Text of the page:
In the latest instalment of our editorial series, Link, experts from Aviva Investors’ credit, equities and real asset teams discuss the consequences of COVID-19 on the retail sector and their implications for investors.
Sectors that had been among the worst hit during the lockdown – notably retail – may find they have the most to lose from the stop-start nature of economies reopening
Barely two weeks after non-essential shops were allowed to open in Leicester, they were ordered to close again on June 29 due to a flare-up in coronavirus infections. Travel into and out of the city deemed non-essential was also severely restricted until further notice, with residents ordered to just stay home. While bars and restaurants are allowed to open elsewhere in England, they will remain shut in Leicester.
The UK’s first local lockdown illustrates the difficulty of easing restrictions. The path will be bumpy and mirror the precarious nature of the COVID-19 outbreak. In its wake, many sectors that had been among the worst hit during the lockdown – notably retail – may find they have the most to lose from the stop-start nature of economies reopening.
Shops, restaurants and other venues already operating on the thinnest of margins and high fixed costs will need to increase expenses further to protect staff and customers, despite being the first in line to close again if COVID-19 cases surge. The social nature of their businesses makes them particularly vulnerable due to the higher probability of an outbreak on their premises. Some have already gone into administration, including Laura Ashley, Carluccio’s and Byron.
Not all retail sectors are suffering during this crisis, however. Supermarkets, for example, have reported record sales, while e-commerce continues to thrive as many customers have migrated online. Such trends, which were already putting pressure on the physical retail sector before the crisis, will likely accelerate.
To discuss the impact to investors, the AIQ editorial team brought together Jonathan Bayfield (JB), head of UK real estate research, Giles Parkinson (GP), global equity fund manager, and credit analysts Sandra Soyer-Berling (SSB) and Shaniv Muttiah (SM).
When will retail get back to ‘normal’?
GP: The hundred trillion-dollar question. In terms of the lockdowns, there was a huge panic to bring economies to a halt in the hope of slowing down the spread of COVID-19. However, from what we have been hearing and seeing, 'life has found a way' in that companies and consumers have tried to carry on as and where they can.
SSB: Social distancing measures bring additional costs for food retailers and consumer goods companies. Despite what some first quarter figures imply – with certain retail players benefiting from COVID-19 in terms of sales – the future impact on margins could be negative as social distancing measures have brought additional costs; for example, to protect employees and customers or to secure supply chain logistics.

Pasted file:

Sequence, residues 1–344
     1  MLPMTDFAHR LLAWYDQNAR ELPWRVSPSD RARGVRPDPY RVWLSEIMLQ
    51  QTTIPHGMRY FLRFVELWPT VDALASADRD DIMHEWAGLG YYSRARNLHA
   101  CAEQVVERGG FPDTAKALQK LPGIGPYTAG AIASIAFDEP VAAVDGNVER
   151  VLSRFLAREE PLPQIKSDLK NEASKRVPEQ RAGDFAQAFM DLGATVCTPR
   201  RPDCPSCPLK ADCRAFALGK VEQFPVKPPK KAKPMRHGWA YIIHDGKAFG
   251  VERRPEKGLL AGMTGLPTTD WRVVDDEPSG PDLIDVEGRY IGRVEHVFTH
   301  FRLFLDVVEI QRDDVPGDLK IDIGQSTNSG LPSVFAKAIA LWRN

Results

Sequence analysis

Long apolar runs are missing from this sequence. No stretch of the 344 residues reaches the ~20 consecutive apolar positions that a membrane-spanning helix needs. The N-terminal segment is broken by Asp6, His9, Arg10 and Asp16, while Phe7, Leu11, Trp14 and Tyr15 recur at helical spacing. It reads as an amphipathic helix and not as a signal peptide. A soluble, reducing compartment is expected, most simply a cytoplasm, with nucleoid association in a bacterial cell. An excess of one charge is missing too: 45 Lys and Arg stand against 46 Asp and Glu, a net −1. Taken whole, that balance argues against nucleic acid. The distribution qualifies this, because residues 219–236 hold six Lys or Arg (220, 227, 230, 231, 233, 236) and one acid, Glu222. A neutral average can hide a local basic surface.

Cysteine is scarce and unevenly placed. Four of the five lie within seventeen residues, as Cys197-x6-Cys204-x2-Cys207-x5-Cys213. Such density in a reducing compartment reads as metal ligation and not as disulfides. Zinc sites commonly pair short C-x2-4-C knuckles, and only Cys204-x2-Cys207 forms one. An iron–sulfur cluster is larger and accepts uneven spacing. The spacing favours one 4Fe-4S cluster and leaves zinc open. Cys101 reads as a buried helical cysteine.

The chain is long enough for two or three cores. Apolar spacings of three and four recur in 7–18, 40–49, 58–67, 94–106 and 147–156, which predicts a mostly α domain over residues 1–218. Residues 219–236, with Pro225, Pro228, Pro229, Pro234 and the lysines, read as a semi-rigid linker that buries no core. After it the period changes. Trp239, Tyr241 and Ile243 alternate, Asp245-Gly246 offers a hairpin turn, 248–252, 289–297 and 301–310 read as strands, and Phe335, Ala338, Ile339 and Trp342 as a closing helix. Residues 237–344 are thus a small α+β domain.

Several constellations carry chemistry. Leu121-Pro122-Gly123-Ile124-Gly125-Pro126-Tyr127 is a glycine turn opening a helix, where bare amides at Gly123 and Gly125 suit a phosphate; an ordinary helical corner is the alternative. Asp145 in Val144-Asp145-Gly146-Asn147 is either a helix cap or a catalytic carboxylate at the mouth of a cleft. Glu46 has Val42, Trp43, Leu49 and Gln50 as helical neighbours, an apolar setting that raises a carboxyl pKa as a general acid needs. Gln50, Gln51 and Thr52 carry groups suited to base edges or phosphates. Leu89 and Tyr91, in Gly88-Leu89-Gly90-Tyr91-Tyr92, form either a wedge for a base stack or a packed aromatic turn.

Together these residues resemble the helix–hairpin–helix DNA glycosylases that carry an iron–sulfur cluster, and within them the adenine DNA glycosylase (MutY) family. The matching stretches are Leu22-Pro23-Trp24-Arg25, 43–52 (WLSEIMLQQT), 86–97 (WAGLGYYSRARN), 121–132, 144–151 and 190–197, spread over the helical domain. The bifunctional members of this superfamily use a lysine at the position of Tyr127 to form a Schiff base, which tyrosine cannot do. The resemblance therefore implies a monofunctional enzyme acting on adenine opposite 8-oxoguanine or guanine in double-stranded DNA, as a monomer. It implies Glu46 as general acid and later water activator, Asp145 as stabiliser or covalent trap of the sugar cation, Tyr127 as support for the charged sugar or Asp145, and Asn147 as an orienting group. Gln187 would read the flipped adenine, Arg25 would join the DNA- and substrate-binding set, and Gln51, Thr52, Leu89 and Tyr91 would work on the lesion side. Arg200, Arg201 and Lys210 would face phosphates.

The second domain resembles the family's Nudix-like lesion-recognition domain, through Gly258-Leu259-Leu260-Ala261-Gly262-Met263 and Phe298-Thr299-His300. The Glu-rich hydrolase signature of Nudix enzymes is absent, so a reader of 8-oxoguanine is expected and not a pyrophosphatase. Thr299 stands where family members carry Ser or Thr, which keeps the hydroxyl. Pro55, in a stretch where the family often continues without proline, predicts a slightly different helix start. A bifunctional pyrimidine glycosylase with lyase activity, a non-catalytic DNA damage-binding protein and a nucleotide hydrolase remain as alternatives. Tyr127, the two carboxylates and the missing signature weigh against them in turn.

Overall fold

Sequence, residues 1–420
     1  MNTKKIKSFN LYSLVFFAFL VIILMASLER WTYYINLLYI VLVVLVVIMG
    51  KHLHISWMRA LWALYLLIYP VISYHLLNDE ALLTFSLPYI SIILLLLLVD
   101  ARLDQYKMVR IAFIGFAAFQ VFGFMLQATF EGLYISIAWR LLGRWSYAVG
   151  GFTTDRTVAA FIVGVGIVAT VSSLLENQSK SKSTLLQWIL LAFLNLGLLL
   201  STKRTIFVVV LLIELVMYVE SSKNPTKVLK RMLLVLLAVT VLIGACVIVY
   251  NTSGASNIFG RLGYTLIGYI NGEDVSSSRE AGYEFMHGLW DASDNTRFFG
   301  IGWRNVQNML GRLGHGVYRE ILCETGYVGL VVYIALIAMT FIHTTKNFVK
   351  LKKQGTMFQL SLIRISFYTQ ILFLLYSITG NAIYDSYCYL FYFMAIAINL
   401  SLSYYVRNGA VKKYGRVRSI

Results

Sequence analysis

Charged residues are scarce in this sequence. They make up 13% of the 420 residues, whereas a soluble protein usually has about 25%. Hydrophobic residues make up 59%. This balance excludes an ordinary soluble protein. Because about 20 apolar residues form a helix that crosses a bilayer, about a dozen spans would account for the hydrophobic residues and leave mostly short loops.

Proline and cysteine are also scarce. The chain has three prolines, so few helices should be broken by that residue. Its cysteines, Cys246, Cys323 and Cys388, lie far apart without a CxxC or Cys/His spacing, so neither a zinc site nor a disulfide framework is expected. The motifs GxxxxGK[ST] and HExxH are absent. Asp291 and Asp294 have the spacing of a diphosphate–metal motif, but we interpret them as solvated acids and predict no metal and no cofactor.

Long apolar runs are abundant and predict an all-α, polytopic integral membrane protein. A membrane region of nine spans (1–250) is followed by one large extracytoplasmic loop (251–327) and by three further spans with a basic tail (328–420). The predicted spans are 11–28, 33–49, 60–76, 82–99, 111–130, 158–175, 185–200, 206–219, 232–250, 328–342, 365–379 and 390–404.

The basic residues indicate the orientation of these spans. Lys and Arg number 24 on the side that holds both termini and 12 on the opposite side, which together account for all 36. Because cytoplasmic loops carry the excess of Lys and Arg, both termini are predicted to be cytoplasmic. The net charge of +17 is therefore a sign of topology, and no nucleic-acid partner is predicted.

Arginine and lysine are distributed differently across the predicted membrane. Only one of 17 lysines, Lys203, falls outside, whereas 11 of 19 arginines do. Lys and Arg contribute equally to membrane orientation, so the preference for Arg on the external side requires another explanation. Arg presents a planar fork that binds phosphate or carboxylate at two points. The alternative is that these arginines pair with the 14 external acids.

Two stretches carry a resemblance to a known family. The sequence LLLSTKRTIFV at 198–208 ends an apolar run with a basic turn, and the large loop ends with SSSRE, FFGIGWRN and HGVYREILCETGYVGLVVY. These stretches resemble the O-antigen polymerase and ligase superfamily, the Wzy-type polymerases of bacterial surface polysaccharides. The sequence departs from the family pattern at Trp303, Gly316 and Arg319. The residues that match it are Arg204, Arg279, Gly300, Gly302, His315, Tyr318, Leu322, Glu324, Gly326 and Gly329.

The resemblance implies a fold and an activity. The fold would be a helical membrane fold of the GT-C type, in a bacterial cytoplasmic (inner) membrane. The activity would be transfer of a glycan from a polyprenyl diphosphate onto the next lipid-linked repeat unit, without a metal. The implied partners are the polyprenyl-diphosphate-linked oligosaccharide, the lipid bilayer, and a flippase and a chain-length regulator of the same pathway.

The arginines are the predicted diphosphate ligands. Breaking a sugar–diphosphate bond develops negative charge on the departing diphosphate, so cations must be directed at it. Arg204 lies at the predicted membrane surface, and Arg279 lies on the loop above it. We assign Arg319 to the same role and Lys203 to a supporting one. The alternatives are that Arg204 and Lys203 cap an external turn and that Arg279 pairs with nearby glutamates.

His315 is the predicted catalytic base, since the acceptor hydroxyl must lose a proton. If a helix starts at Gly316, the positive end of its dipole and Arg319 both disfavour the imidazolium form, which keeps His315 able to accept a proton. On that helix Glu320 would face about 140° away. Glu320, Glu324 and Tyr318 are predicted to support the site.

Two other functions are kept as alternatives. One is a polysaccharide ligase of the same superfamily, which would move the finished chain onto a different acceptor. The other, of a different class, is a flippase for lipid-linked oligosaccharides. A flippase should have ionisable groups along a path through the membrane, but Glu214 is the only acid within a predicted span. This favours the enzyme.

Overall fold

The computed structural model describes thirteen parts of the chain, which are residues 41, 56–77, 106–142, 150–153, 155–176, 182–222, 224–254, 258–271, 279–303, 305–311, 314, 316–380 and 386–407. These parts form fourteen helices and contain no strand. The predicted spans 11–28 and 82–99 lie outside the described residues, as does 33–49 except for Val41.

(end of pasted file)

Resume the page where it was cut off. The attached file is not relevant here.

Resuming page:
According to Kantar data, sales in France for fast-moving consumer goods were up 14 per cent in April and 21.5 per cent in March and continued to be very strong even after the end of the lockdown at about 10 per cent between mid-May to mid-June. Hypermarkets were the main losers in the crisis as consumers migrated online or shopped at local convenience stores, but the trend could reverse as social distancing measures are lifted. Indeed, with a potential decline in consumers’ purchasing power, hypermarkets will likely remain attractive in terms of pricing compared to convenience stores.
The full impact remains uncertain and it is difficult to judge when things will go back to normal
We have also seen changes in consumer behaviour. French consumers, for example, shopped less often during the lockdown but the average basket size was bigger. In response, retailers have rationalised stock-keeping units on shelves; consumer goods companies adapted production to be aligned with retailers and consumer needs, for instance, by offering larger packages. However, the full impact remains uncertain and it is difficult to judge when things will go back to normal.
SM: The whole concept of social distancing is going to prevail for much longer than the end of the lockdown itself. What does this mean for retailers? Some pre-existing themes, particularly the move to online shopping, will simply accelerate and intensify. This is already evident. In addition, given unemployment could reach double digits in most economies and with real disposable income falling, the discount sector would be another channel along with online that will likely see growth.
JB: As Shaniv mentions, downturns often accelerate structural changes and we are likely to see less demand for physical stores. Several retailers will not make it through this crisis. Competitive tension on rents will therefore be massively reduced because there will be fewer players. Property values will likely decrease as a result. Firstly, the rents from which to calculate future cash flows are likely to decrease. And secondly, there will be significantly more risk around this outcome so yields and spreads will move out to compensate.
Pre-crisis, there was a clear move towards customer experience in physical retail: can that continue given the circumstances?
JB: We expect retail space to continue to be repurposed; for instance, discretionary retail in the form of stores offering entertainment and experiences that are difficult to replicate online. Oxford Circus is a good example in the UK: Apple and Microsoft have stores, and you have Nike Town as well. We expect more of this sort of thing, as well as more restaurants and bars because it is hard (if not impossible) to replicate the food and beverage experience online. The trend towards competitive socialising is likely to continue – like axe throwing, dance classes, mini golf and competitions linked to bars.